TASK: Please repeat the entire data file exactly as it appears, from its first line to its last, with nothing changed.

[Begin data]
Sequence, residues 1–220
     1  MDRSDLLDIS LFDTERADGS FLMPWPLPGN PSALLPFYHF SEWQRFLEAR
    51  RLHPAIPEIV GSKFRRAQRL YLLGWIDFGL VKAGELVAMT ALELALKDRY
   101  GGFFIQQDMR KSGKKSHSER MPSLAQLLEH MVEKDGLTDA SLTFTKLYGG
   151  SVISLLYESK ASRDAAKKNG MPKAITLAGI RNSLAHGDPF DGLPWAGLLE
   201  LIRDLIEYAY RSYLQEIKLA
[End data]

Sequence, residues 1–220
     1  MDRSDLLDIS LFDTERADGS FLMPWPLPGN PSALLPFYHF SEWQRFLEAR
    51  RLHPAIPEIV GSKFRRAQRL YLLGWIDFGL VKAGELVAMT ALELALKDRY
   101  GGFFIQQDMR KSGKKSHSER MPSLAQLLEH MVEKDGLTDA SLTFTKLYGG
   151  SVISLLYESK ASRDAAKKNG MPKAITLAGI RNSLAHGDPF DGLPWAGLLE
   201  LIRDLIEYAY RSYLQEIKLA